The Case for ScienceFor the scientist (or aspiring scientist), the question of why to study science doesn't need to be answered. If you're one of the people who get science, then no explanation is required. Chances are that you already have at least some of the scientific skills necessary to pursue such a career, and the whole point of study is to gain the skills which you don't yet have.
However, for those who are not pursuing a career in the sciences, or in technology, it can frequently feel as if science courses of any stripe are a waste of your time. Courses in the physical sciences, especially, tend to be avoided at all cost, with courses in biology taking their place to fill necessary science requirements.
The argument in favor of "scientific literacy" is amply made in James Trefil's 2007 book Why Science?, focusing on arguments from civics, aesthetics, and culture to explain why a very basic understanding of scientific concepts is necessary for the non-scientist.
The benefits of a scientific education can be clearly seen in this description of science by famed quantum physicist Richard Feynman:
Science is a way to teach how something gets to be known, what is not known, to what extent things are known (for nothing is known absolutely), how to handle doubt and uncertainty, what the rules of evidence are, how to think about things so that judgments can be made, how to distinguish truth from fraud, and from show.
The question then becomes (assuming you agree with the merits of the above way of thinking) how this form of scientific thinking can be imparted upon the population. Specifically, Trefil presents a set of grand ideas that could be used to form the basis of this scientific literacy ... many of which are firmly rooted concepts of physics.
The Case for PhysicsTrefil refers to the "physics first" approach presented by 1988 Nobel Laureate Leon Lederman in his Chicago-based educational reforms. Trefil's analysis is that this method is especially useful for older (i.e. high school age) students, while he believes the more traditional biology first curriculum is appropriate for younger (elementary & middle school) students.
In short, this approach emphasizes the idea that physics is the most fundamental of sciences. Chemistry is applied physics, after all, and biology (in it's modern form, at least) is basically applied chemistry. You can of course extend beyond that into more specific fields ... zoology, ecology, & genetics are all further applications of biology, for example.
But the point is that all of science can, in principle, be reduced down to fundamental physics concepts such as thermodynamics and nuclear physics. In fact, this is how physics developed historically: basic principles of physics were determined by Galileo while biology still consisted of various theories of spontaneous generation, after all.
Therefore, grounding a scientific education in physics makes perfect sense, because it is the foundation of science. From physics, you can expand naturally into the more specialized applications, going from thermodynamics & nuclear physics into chemistry, for example, and from mechanics & material physics principles into engineering.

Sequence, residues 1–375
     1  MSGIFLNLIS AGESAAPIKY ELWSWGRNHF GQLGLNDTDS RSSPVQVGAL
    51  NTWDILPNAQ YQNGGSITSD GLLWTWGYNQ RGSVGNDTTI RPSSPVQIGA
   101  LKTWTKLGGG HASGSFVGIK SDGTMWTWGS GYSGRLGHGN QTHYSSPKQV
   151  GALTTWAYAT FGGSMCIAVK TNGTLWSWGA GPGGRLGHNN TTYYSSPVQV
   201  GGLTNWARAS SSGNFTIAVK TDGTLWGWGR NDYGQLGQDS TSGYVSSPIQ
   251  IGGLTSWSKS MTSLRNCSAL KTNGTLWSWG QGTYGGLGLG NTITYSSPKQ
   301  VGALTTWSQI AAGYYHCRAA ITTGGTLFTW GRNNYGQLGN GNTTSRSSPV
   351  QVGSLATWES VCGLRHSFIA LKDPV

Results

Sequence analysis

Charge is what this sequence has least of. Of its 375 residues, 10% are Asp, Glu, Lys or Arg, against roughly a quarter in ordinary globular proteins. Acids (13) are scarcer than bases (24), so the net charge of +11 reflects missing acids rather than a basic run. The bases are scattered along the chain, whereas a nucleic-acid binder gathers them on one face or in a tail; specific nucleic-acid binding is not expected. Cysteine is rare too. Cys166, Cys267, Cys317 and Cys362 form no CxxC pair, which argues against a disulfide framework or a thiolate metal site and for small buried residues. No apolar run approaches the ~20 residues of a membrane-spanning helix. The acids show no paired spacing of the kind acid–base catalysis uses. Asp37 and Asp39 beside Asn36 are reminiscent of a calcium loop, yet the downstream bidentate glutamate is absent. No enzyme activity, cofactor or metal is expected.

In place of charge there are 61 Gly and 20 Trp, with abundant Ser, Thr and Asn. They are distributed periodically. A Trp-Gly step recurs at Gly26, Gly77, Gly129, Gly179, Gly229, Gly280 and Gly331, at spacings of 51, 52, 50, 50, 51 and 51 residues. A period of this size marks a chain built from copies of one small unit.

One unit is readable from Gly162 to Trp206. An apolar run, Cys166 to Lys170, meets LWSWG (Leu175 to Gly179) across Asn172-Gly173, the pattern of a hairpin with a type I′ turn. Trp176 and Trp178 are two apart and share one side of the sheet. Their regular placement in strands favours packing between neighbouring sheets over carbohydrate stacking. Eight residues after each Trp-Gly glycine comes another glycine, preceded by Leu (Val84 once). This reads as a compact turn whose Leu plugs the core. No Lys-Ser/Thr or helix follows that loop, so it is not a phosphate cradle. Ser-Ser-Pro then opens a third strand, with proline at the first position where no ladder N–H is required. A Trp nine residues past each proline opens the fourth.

The path cannot be followed smoothly in reverse, going from a knowledge of ecology into a knowledge of biology into a knowledge of chemistry and so on. The smaller the sub-category of knowledge you have, the less it can be generalized. The more general the knowledge, the more it can be applied to specific situations. As such, the fundamental knowledge of physics would be the most useful scientific knowledge, if someone had to pick which areas to study.
And all of this makes sense, because physics is the study of matter, energy, space and time, without which there would be nothing in existence to react or thrive or live or die. The entire universe is built upon of the principles revealed by a study of physics.
Why Scientists Need Non-Science EducationWhile on the subject of well rounded education, I suppose I should also point out that the opposite argument holds just as strongly: someone who is studying science needs to be able to function in society, and this involves understanding the entire culture (not just the techno-culture) involved. The beauty of Euclidean geometry is not inherently more beautiful than the words of Shakespeare ... it's just beautiful in a different way.
In my experience, scientists (and physicists especially) tend to be fairly well rounded in their interests. The classic example is the violin-playing virtuoso of physics, Albert Einstein. One of the few exceptions is perhaps medical students, who lack diversity more due to time constraints than lack of interest.
A firm grasp of science, without any grounding in the rest of the world, provides little understanding of the world, let alone appreciation for it. Political or cultural issues do not take case in some sort of scientific vacuum, where historical & cultural issues need not be taken into account.
While I've known many scientists who feel that they can objectively evaluate the world in a rational, scientific manner, the fact is that important issues in society never involve purely scientific questions. The Manhattan Project, for example, was not purely a scientific enterprise, but also clearly triggered questions that extend far outside of the realm of physics.